Speaking of which, if you want to port applications and always stay on top of the pygobject/GTK development without having to clutter your package system with “make install”s of those, it works very well to have this in your ~/.bashrc:

export GI_TYPELIB_PATH=$HOME/projects/gtk/gtk:$HOME/projects/gtk/gdk
export PYTHONPATH=$HOME/projects/pygobject

Better GVariant/GDBus support

The GNOME world is moving from the old dbus-glib python bindings to GDBus, which is integrated into GLib. However, dbus-python exposed a really nice and convenient way of doing D-Bus calls, while using GDBus from Python was hideously complicated, especially for nontrivial arguments with empty or nested arrays:

from gi.repository import Gio, GLib
from gi._gi import variant_type_from_string

d = Gio.bus_get_sync(Gio.BusType.SESSION, None)
notify = Gio.DBusProxy.new_sync(d, 0, None, 'org.freedesktop.Notifications',
    '/org/freedesktop/Notifications', 'org.freedesktop.Notifications', None)

vb = GLib.VariantBuilder()
vb.init(variant_type_from_string('r'))
vb.add_value(GLib.Variant('s', 'test'))
vb.add_value(GLib.Variant('u', 1))
vb.add_value(GLib.Variant('s', 'gtk-ok'))
vb.add_value(GLib.Variant('s', 'Hello World!'))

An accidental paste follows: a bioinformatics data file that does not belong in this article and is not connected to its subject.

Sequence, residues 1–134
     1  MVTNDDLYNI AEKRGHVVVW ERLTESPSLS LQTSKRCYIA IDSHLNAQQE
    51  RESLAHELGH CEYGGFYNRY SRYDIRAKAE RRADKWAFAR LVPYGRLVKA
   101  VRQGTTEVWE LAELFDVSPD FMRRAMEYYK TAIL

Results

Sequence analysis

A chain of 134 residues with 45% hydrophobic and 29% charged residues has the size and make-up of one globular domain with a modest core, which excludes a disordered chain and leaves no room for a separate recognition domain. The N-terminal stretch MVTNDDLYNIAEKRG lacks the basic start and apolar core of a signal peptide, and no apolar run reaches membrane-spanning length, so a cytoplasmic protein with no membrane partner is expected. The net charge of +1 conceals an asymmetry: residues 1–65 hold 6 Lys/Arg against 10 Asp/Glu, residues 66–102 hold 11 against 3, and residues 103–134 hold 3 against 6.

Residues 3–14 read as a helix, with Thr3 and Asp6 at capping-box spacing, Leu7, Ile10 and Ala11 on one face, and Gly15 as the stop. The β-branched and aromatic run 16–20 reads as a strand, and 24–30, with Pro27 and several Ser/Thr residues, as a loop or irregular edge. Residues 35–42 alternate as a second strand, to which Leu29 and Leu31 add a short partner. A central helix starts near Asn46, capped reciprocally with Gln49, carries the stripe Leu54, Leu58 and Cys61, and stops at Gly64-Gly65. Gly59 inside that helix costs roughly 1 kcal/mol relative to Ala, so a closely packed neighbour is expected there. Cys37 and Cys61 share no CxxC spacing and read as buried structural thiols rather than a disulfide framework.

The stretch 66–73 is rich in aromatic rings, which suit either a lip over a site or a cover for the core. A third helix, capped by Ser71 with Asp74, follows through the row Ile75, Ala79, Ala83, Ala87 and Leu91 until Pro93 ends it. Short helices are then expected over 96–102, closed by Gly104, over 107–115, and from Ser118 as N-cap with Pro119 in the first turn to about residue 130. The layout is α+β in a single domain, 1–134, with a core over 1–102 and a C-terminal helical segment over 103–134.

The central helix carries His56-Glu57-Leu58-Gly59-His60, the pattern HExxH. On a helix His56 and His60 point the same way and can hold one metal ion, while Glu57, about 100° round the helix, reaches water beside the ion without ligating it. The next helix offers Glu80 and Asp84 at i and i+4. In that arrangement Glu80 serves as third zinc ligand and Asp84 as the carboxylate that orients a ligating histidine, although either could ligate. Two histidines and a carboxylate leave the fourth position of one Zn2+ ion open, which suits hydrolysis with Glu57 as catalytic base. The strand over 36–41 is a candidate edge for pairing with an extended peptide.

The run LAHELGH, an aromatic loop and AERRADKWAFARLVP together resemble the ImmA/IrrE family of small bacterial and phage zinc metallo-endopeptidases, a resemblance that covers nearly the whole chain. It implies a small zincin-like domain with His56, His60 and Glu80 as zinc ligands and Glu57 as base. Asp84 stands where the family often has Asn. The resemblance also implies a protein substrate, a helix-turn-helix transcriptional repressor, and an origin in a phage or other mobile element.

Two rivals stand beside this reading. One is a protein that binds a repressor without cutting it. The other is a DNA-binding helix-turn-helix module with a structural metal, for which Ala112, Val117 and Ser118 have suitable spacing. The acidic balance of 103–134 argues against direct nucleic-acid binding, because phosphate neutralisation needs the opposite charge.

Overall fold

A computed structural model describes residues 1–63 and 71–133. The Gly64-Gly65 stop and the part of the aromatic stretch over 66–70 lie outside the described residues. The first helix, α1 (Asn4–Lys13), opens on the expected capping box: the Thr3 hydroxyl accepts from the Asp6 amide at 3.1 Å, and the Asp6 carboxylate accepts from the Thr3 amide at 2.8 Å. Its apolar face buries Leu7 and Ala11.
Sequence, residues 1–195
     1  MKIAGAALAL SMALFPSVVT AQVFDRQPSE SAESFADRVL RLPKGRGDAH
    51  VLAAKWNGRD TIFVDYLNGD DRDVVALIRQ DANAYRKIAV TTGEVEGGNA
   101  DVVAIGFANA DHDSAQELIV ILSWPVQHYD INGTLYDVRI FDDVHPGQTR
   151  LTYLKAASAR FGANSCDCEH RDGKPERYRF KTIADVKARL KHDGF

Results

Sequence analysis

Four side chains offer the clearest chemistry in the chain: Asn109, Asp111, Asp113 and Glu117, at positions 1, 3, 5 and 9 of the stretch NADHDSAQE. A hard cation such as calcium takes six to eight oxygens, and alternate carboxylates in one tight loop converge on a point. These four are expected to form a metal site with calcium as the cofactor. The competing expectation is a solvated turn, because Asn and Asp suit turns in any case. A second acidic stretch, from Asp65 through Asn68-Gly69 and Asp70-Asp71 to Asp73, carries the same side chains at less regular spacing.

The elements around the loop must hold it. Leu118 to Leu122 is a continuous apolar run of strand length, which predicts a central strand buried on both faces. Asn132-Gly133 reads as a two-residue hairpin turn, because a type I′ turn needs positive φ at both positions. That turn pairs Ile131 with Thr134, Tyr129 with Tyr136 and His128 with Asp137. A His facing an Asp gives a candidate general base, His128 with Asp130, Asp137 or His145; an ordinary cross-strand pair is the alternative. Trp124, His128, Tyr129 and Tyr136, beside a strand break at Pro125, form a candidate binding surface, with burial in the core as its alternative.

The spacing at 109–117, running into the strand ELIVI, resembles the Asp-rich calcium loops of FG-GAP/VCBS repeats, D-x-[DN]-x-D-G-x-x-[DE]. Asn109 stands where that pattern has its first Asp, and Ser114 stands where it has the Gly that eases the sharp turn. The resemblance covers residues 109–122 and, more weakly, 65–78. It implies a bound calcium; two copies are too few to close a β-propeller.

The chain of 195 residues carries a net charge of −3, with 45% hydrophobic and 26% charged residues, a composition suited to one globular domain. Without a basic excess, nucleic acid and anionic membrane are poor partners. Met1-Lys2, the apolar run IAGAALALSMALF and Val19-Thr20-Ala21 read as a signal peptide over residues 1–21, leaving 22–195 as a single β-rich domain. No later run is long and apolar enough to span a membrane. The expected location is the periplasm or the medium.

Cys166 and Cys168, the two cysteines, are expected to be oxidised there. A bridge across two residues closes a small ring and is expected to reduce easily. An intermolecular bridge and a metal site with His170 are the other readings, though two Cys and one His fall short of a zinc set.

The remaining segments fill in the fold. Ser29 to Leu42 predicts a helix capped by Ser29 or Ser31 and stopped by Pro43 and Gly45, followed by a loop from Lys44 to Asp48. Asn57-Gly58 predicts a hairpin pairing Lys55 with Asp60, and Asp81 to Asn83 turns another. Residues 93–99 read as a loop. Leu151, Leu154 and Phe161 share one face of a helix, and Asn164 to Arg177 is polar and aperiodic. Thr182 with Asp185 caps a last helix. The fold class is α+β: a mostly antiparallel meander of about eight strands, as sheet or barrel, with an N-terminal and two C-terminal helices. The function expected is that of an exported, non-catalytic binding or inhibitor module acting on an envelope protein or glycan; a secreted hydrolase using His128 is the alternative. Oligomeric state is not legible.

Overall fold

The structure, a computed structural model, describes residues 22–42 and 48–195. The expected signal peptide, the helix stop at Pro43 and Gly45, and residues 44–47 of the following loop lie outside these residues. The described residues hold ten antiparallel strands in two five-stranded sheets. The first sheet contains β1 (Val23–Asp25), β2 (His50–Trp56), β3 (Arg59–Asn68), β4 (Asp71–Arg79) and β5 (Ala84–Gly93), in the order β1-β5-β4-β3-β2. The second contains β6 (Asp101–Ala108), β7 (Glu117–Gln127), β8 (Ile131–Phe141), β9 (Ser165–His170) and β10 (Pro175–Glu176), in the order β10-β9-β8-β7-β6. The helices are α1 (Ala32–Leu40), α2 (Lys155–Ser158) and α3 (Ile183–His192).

vb.add_value(GLib.Variant('s', 'Subtext'))
# add an empty array
eavb = GLib.VariantBuilder()
eavb.init(variant_type_from_string('as'))
vb.add_value(eavb.end())
# add an empty dict
eavb = GLib.VariantBuilder()
eavb.init(variant_type_from_string('a{sv}'))
vb.add_value(eavb.end())
vb.add_value(GLib.Variant('i', 10000))
args = vb.end()

result = notify.call_sync('Notify', args, 0, -1, None)
id = result.get_child_value(0).get_uint32()
print id

So I went to making the GLib.Variant constructor work properly with nested types and boxed variants, adding Pythonic GVariant iterators and indexing (so that you can treat GVariant dictionaries/arrays/tuples just like their Python equivalents), and finally a Variant.unpack() method for converting the return value of a D-Bus call back into a native Python data type. This looks a lot friendlier now:

from gi.repository import Gio, GLib

d = Gio.bus_get_sync(Gio.BusType.SESSION, None)
notify = Gio.DBusProxy.new_sync(d, 0, None, 'org.freedesktop.Notifications',
    '/org/freedesktop/Notifications', 'org.freedesktop.Notifications', None)

args = GLib.Variant('(susssasa{sv}i)', ('test', 1, 'gtk-ok', 'Hello World!',
    'Subtext', [], {}, 10000))
result = notify.call_sync('Notify', args, 0, -1, None)
id = result.unpack()[0]
print id

I also prepared another patch in GNOME#640181 which will provide the icing on the cake, i. e. handle the variant building/unpacking transparently and make the explicit call_sync() unnecessary:

from gi.repository import Gio, GLib

d = Gio.bus_get_sync(Gio.BusType.SESSION, None)
notify = Gio.DBusProxy.new_sync(d, 0, None, 'org.freedesktop.Notifications',
    '/org/freedesktop/Notifications', 'org.freedesktop.Notifications', None)

result = notify.Notify('(susssasa{sv}i)', 'test', 1, 'gtk-ok', 'Hello World!',
            'Subtext', [], {}, 10000)
print result[0]

I hope that I can get this reviewed and land this soon.

Thanks to our sponsors!

Many thanks to the GNOME Foundation and Collabora for sponsoring this event!